Dallas Buyers Club, LLC v. DOE-

Filing 7

ORDER granting Plaintiff's 3 Ex Parte Motion for Expedited Discovery. Plaintiff may serve subpoena on Dft's ISP, Cox Communications, seeking name and address of the subscriber assigned to Dft's IP address. No other discovery is authorized at this time. Signed by Magistrate Judge David H. Bartick on 9/25/2015. (jah)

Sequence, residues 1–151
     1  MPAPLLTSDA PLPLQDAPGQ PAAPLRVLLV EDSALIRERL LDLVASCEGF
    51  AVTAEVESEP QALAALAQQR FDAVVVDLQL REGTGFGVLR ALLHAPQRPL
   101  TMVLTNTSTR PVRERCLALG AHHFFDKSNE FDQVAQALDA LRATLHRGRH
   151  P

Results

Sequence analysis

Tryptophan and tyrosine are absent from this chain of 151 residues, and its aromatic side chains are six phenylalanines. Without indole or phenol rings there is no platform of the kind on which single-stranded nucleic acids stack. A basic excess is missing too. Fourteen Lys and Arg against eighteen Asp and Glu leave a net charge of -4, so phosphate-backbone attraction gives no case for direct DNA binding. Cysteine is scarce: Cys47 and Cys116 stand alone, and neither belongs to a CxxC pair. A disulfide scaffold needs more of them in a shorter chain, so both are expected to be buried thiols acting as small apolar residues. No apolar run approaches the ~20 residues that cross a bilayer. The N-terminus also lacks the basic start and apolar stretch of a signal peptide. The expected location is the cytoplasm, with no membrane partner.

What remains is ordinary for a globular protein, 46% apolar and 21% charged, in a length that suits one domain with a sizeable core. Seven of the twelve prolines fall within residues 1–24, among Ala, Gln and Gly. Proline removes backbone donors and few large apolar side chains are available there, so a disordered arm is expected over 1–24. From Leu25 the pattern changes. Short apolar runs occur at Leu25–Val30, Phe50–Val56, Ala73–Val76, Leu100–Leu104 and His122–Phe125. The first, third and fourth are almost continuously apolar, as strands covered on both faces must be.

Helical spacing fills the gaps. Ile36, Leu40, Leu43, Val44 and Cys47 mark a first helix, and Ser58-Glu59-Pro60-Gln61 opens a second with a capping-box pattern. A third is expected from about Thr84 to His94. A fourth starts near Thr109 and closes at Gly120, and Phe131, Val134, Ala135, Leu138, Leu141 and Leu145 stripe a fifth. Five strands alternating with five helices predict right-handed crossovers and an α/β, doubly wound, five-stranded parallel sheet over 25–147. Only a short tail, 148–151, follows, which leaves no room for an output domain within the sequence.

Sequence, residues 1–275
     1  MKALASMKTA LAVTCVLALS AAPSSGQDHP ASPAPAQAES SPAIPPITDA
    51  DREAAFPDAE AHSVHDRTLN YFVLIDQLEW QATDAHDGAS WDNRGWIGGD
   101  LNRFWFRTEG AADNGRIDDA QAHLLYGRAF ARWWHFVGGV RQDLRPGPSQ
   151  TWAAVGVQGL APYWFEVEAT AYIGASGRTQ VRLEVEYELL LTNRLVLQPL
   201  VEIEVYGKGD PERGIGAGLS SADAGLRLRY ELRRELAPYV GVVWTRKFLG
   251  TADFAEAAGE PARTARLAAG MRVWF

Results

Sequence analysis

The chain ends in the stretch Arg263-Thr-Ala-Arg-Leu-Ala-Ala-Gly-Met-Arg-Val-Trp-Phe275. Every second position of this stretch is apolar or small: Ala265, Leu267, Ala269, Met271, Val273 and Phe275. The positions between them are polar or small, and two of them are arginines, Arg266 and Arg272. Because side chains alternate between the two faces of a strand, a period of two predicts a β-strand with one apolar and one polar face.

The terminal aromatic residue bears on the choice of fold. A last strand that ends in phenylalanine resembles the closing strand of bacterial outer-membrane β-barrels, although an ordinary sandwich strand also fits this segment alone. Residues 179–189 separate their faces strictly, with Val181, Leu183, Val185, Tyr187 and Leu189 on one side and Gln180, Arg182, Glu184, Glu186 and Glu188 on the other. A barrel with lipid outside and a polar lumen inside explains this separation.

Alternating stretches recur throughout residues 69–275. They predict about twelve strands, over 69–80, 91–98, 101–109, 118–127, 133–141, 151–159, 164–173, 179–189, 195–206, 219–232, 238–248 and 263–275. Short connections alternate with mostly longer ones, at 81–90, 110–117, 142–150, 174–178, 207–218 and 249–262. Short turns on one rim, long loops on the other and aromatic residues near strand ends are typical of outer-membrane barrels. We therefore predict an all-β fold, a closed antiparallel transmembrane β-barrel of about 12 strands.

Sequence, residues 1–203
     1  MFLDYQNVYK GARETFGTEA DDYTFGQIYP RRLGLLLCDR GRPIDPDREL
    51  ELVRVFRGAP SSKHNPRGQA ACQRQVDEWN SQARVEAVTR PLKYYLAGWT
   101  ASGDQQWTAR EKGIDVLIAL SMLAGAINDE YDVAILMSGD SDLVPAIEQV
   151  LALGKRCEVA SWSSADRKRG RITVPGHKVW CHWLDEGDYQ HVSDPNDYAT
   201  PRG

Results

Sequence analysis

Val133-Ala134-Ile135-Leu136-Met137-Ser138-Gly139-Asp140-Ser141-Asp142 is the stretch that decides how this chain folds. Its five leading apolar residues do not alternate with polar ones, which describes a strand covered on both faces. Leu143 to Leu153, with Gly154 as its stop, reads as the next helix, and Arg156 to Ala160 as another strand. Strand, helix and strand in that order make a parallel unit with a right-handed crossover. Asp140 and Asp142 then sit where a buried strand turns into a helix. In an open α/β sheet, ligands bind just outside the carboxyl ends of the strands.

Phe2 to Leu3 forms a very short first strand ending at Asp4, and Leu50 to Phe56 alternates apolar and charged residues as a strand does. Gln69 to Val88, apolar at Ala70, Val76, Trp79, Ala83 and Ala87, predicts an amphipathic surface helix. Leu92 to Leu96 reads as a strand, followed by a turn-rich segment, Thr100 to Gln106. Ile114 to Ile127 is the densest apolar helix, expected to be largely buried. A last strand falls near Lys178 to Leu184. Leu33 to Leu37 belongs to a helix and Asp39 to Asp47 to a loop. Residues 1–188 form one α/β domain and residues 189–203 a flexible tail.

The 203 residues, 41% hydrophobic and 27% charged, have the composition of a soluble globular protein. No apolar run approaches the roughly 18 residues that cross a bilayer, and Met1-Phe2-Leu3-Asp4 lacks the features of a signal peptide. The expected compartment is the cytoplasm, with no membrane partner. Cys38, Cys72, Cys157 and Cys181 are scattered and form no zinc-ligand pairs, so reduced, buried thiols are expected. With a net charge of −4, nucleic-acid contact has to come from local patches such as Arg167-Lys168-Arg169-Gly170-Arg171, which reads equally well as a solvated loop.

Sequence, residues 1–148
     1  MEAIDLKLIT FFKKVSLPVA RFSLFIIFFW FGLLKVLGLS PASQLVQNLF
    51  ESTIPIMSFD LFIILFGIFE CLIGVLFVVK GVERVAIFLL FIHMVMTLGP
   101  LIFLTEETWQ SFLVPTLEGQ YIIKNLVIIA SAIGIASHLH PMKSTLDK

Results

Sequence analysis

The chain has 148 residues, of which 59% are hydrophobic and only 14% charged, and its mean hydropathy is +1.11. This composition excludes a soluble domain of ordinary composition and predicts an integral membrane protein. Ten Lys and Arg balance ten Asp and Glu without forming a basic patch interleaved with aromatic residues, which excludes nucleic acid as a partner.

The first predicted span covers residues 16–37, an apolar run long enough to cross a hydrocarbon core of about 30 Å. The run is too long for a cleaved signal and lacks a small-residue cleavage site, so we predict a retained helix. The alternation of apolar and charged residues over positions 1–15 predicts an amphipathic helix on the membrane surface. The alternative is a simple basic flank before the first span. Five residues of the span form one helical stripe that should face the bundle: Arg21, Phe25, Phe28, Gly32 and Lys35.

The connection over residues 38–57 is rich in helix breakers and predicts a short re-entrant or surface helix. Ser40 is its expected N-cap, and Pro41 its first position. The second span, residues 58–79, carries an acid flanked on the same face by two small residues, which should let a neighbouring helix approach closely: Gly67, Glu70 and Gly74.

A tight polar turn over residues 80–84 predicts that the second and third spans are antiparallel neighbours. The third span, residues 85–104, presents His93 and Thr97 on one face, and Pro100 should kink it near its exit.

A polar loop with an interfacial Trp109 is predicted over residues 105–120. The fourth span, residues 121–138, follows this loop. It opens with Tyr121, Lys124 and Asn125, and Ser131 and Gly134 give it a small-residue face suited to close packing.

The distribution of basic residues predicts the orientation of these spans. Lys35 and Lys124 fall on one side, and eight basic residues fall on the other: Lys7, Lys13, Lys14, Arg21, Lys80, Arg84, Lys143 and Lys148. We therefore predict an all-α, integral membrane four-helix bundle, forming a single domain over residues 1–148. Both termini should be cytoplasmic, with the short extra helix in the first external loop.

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1 2 3 4 5 6 7 8 UNITED STATES DISTRICT COURT 9 SOUTHERN DISTRICT OF CALIFORNIA 10 11 12 Case No.: 15cv2033-BAS (DHB) DALLAS BUYERS CLUB, LLC, a Texas limited liability company, Plaintiff, v. ORDER GRANTING PLAINTIFF'S EX PARTE MOTION TO EXPEDITE DISCOVERY DOE-, [ECF No. 3] 13 14 15 16 Defendant. 17 18 On September 11, 2015, Plaintiff Dallas Buyers Club, LLC filed an Ex Parte 19 Motion for Expedited Discovery. (ECF No. 3.) Because Defendant has not been named 20 or served, no opposition or reply briefs have been filed. For the reasons discussed below, 21 Plaintiff’s Motion is GRANTED. 22 I. PROCEDURAL HISTORY 23 On September 11, 2015, Plaintiff filed a Complaint against Doe, a subscriber 24 assigned IP address (“Defendant”). (ECF No. 1.) Plaintiff alleges a single 25 cause of action for direct copyright infringement. Plaintiff asserts that it is the registered 26 copyright holder of the motion picture Dallas Buyers Club. (See ECF No. 1 at ¶¶ 4, 6.) 27 Plaintiff contends Defendant used the BitTorrent file distribution network to copy and 28 distribute Plaintiff’s copyrighted work through the Internet without Plaintiff’s permission. 1 15cv2033-BAS (DHB) 1 (ECF No. 1 at ¶ 35.) 2 On September 11, 2015, Plaintiff filed the instant Motion in which Plaintiff seeks 3 leave to take early discovery to learn the identity of Defendant from his or her Internet 4 Service Provider (“ISP”), Cox Communications. Specifically, Plaintiff seeks an order 5 permitting it to serve a Rule 45 subpoena on Cox Communications for the identity of the 6 account holder assigned to Defendant’s IP address, and for further reasonable discovery 7 as may be needed. 8 II. LEGAL STANDARDS 9 Generally, discovery is not permitted without a court order before the parties have 10 conferred pursuant to Federal Rule of Civil Procedure 26(f). Fed. R. Civ. P. 26(d)(1). 11 “[H]owever, in rare cases, courts have made exceptions, permitting limited discovery to 12 ensue after filing of the complaint to permit the plaintiff to learn the identifying facts 13 necessary to permit service on the defendant.” Columbia Ins. Co. v. Seescandy.com, 185 14 F.R.D. 573, 577 (N.D. Cal. 1999) (citing Gillespie v. Civiletti, 629 F.2d 637, 642 (9th 15 Cir. 1980)). Requests for early or expedited discovery are granted upon a showing by the 16 moving party of good cause. See Semitool, Inc. v. Tokyo Electron Am., Inc., 208 F.R.D. 17 273, 275-76 (N.D. Cal. 2002) (applying “the conventional standard of good cause in 18 evaluating Plaintiff’s request for expedited discovery”). 19 “The Ninth Circuit has held that when the defendants’ identities are unknown at 20 the time the complaint is filed, courts may grant plaintiffs leave to take early discovery to 21 determine the defendants’ identities ‘unless it is clear that discovery would not uncover 22 the identities, or that the complaint would be dismissed on other grounds.’” 808 23 Holdings, LLC v. Collective of December 29, 2011 Sharing Hash, No. 12-cv-0186 MMA 24 (RBB), 2012 WL 1648838, *3 (S.D. Cal. May 4, 2012) (quoting Gillespie, 629 F.2d at 25 642). “A district court’s decision to grant discovery to determine jurisdictional facts is a 26 matter of discretion.” Columbia Ins., 185 F.R.D. at 578 (citing Wells Fargo & Co. v. 27 Wells Fargo Express Co., 556 F.2d 406, 430 n.24 (9th Cir. 1977)). 28 /// 2 15cv2033-BAS (DHB) 1 District courts apply a three-factor test when considering motions for early 2 discovery to identify Doe defendants. Id. at 578-80. First, “the plaintiff should identify 3 the missing party with sufficient specificity such that the Court can determine that 4 defendant is a real person or entity who could be sued in federal court.” Id. at 578. 5 Second, the plaintiff “should identify all previous steps taken to locate the elusive 6 defendant” to ensure that the plaintiff has made a good faith effort to identify and serve 7 process on the defendant. Id. at 579. Third, the “plaintiff should establish to the Court’s 8 satisfaction that plaintiff’s suit against defendant could withstand a motion to dismiss.” 9 Id. (citing Gillespie, 629 F.2d at 642). Further “the plaintiff should file a request for 10 discovery with the Court, along with a statement of reasons justifying the specific 11 discovery requested as well as identification of a limited number of persons or entities on 12 whom discovery process might be served and for which there is a reasonable likelihood 13 that the discovery process will lead to identifying information about defendant that would 14 make service of process possible.” Id. at 580. 15 16 III. ANALYSIS A. Identification of Missing Party with Sufficient Specificity 17 First, Plaintiff must identify Defendant with enough specificity to enable the Court 18 to determine that Defendant is a real person or entity who would be subject to the 19 jurisdiction of this Court. Columbia Ins., 185 F.R.D. at 578. This Court has previously 20 determined that “a plaintiff identifies Doe defendants with sufficient specificity by 21 providing the unique IP addresses assigned to an individual defendant on the day of the 22 allegedly infringing conduct, and by using ‘geolocation technology’ to trace the IP 23 addresses to a physical point of origin.” 808 Holdings, 2012 WL 1648838, at *4 (quoting 24 OpenMind Solutions, Inc. v. Does 1-39, No. C-11-3311 MEJ, 2011 WL 4715200 (N.D. 25 Cal. Oct. 7, 2011); Pink Lotus Entm’t, LLC v. Does 1-46, No. C-11-02263 HRL, 2011 26 WL 2470986 (N.D. Cal. June 21, 2011)). 27 Here, Plaintiff has filed a chart that lists the unique IP address corresponding to 28 Defendant, and the dates and times of the purportedly infringing activity, as well as the 3 15cv2033-BAS (DHB) 1 city in which the IP address is located. (ECF No. 1-2.) Consequently, Plaintiff has 2 identified Defendant with sufficient specificity. See OpenMind Solutions, 2011 WL 3 4715200, at *2 (concluding that plaintiff satisfied the first factor by identifying the 4 defendants’ IP addresses and by tracing the IP addresses to a point of origin within the 5 State of California); Pink Lotus Entm’t, 2011 WL 2470986, at *3 (same). In addition, 6 Plaintiff has presented evidence that the identified IP address is physically located in this 7 district. (See ECF No. 1-2.) 8 B. Previous Attempts to Locate Defendant 9 Next, Plaintiff must describe all prior steps it has taken to identify the defendant in 10 a good faith effort to locate and serve him or her. See Columbia Ins., 185 F.R.D. at 579. 11 Plaintiff states it has been able to identify much about Defendant, including which ISP 12 provider he or she uses, where he or she is generally located, and what software he or she 13 used to commit the alleged acts of infringement. (ECF No. 3-1 at 5.) However, Plaintiff 14 generally maintains that there are no other practical measures available to determine the 15 actual identity of Defendant. Thus, Plaintiff appears to have obtained and investigated 16 the available data pertaining to the alleged infringement in a good faith effort to locate 17 Defendant. See OpenMind Solutions, 2011 WL 4715200, at *3; MCGIP, LLC v. Does 1- 18 149, 2011 WL 3607666, *2 (N.D. Cal. Aug. 3, 2011); Pink Lotus Entm’t, 2011 WL 19 2470986, at *3. 20 C. Ability to Withstand a Motion to Dismiss 21 “Finally, to be entitled to early discovery, [Plaintiff] must demonstrate that its 22 Complaint can withstand a motion to dismiss.” 808 Holdings, 2012 WL 1648838 at *5 23 (citing Columbia Ins., 185 F.R.D. at 579). 24 1. 25 In order to establish copyright infringement, a plaintiff must show: (1) ownership 26 of a valid copyright, and (2) that the defendant violated the copyright owner’s exclusive 27 rights under the Copyright Act. Ellison v. Robertson, 357 F.3d 1072, 1076 (9th Cir. 28 2004); 17 U.S.C. § 501(a). Here, Plaintiff alleges it owns the registered copyright of the Ability to State a Claim Upon Which Relief Can Be Granted 4 15cv2033-BAS (DHB) 1 work that Defendant allegedly copied and distributed using the BitTorrent file 2 distribution network. (ECF No. 1 at ¶¶ 4, 6.) Plaintiff also alleges it did not permit or 3 consent to Defendant’s copying or distribution of its work. (Id. at ¶ 35.) 4 Plaintiff has stated a prima facie claim for copyright infringement that can withstand a 5 motion to dismiss. It appears 6 2. 7 Plaintiff bears the burden of establishing jurisdictional facts. See Columbia Ins. 8 Co., 185 F.R.D. at 578. Plaintiff’s Complaint indicates that Defendant is located in this 9 judicial district. (See ECF No. 1-2 (showing the IP address associated with Defendant is 10 located in La Mesa, California). The Complaint also alleges that Defendant’s acts of 11 copyright infringement occurred using an IP address traced to a physical location in this 12 district, and that Defendant is believed to reside in California. (ECF No. 1. at ¶ 3, 14.) Personal Jurisdiction 13 Therefore, at this early juncture, it appears Plaintiff has alleged sufficient facts to 14 show it can likely withstand a motion to dismiss for lack of personal jurisdiction because 15 Defendant’s IP address was traced to a location in this district. See 808 Holdings, 2012 16 WL 1648838 at *6-7. 17 2. 18 “The venue of suits for infringement of copyright is not determined by the general 19 provision governing suits in the federal district courts, rather by the venue provision of 20 the Copyright Act.” Goldberg v. Cameron, 482 F. Supp. 2d 1136, 1143 (N.D. Cal. 2007) 21 (citing 28 U.S.C. § 1400(a); Lumiere v. Mae Edna Wilder, Inc., 261 U.S. 174, 176 22 (1923)). “In copyright infringement actions, venue is proper ‘in the district in which the 23 defendant or his agent resides or may be found.’” Brayton Purcell LLP v. Recordon & 24 Recordon, 606 F.3d 1124, 1128 (9th Cir. 2010) (quoting 28 U.S.C. § 1400(a)). “The 25 Ninth Circuit interprets this statutory provision to allow venue ‘in any judicial district in 26 which the defendant would be amendable to personal jurisdiction if the district were a 27 separate state.’” Id. 28 /// Venue 5 15cv2033-BAS (DHB) 1 In the Complaint, Plaintiff alleges venue is proper because, although Defendant’s 2 true identity is unknown, Defendant is believed to reside (and therefore can be found in 3 this district), and a substantial part of the infringing acts complained of occurred in this 4 district. (ECF No. 1 at ¶ 3, 13.) Defendant appears to have an IP address in this district. 5 Accordingly, Plaintiff’s Complaint can likely survive a motion to dismiss. 6 D. Specific Discovery Request 7 Here, Plaintiff requests leave to serve a Rule 45 subpoena on Cox 8 Communications. Plaintiff indicates the subpoena will be limited to requesting the name 9 and address of the subscriber associated with Defendant’s IP address. The Court finds 10 this limitation is appropriate. Therefore, the Court determines Plaintiff has shown good 11 cause to subpoena records from Cox Communication for the identity of the subscriber 12 assigned to Defendant’s IP address. However, once Plaintiff is able to identify and serve 13 Defendant, the need for early discovery ceases. Therefore, Plaintiff’s request for leave to 14 conduct any further discovery is denied at this time. 15 E. Cable Privacy Act 16 Finally, the Court must consider the requirements of the Cable Privacy Act, 47 17 U.S.C. § 551. The Act generally prohibits cable operators from disclosing personally 18 identifiable information regarding subscribers without the prior written or electronic 19 consent of the subscriber. 47 U.S.C. § 551(c)(1). A cable operator, however, may 20 disclose such information if the disclosure is made pursuant to a court order and the cable 21 operator provides the subscriber with notice of the order. 47 U.S.C. § 551(c)(2)(B). The 22 ISP that Plaintiff intends to subpoena in this case is a cable operator within the meaning 23 of the Act. 24 25 26 27 28 IV. CONCLUSION For the reasons set forth above, Plaintiff’s Ex Parte Motion for Expedited Discovery is GRANTED, as follows: 1. Plaintiff may serve a subpoena on Defendant’s ISP, Cox Communications, seeking the name and address of the subscriber assigned to Defendant’s IP address. 6 15cv2033-BAS (DHB) 1 2. The subpoena must provide a minimum of forty-five (45) days notice before 2 any production and shall be limited to one category of documents identifying the 3 particular subscriber listed on Exhibit 1 to Plaintiff’s Complaint. (ECF No. 1-2.) The 4 requested information should be limited to the name and address of the subscriber. Cox 5 Communications may seek a protective order if it determines there is a legitimate basis 6 for doing so. 7 3. Cox Communications shall have fourteen (14) calendar days after service of 8 the subpoena to notify the subscriber that his or her identity has been subpoenaed by 9 Plaintiff. The subscriber whose identity has been subpoenaed shall then have thirty (30) 10 calendar days from the date of the notice to seek a protective order or file any other 11 responsive pleading. 12 4. Plaintiff shall serve a copy of this Order with any subpoena obtained and 13 served pursuant to this Order to Cox Communications. Cox Communications, in turn, 14 must provide a copy of this Order along with the required notice to the subscriber whose 15 identity is sought pursuant to this Order. 16 5. 17 IT IS SO ORDERED. 18 No other discovery is authorized at this time. Dated: September 25, 2015 19 20 21 22 23 24 25 26 27 28 7 15cv2033-BAS (DHB)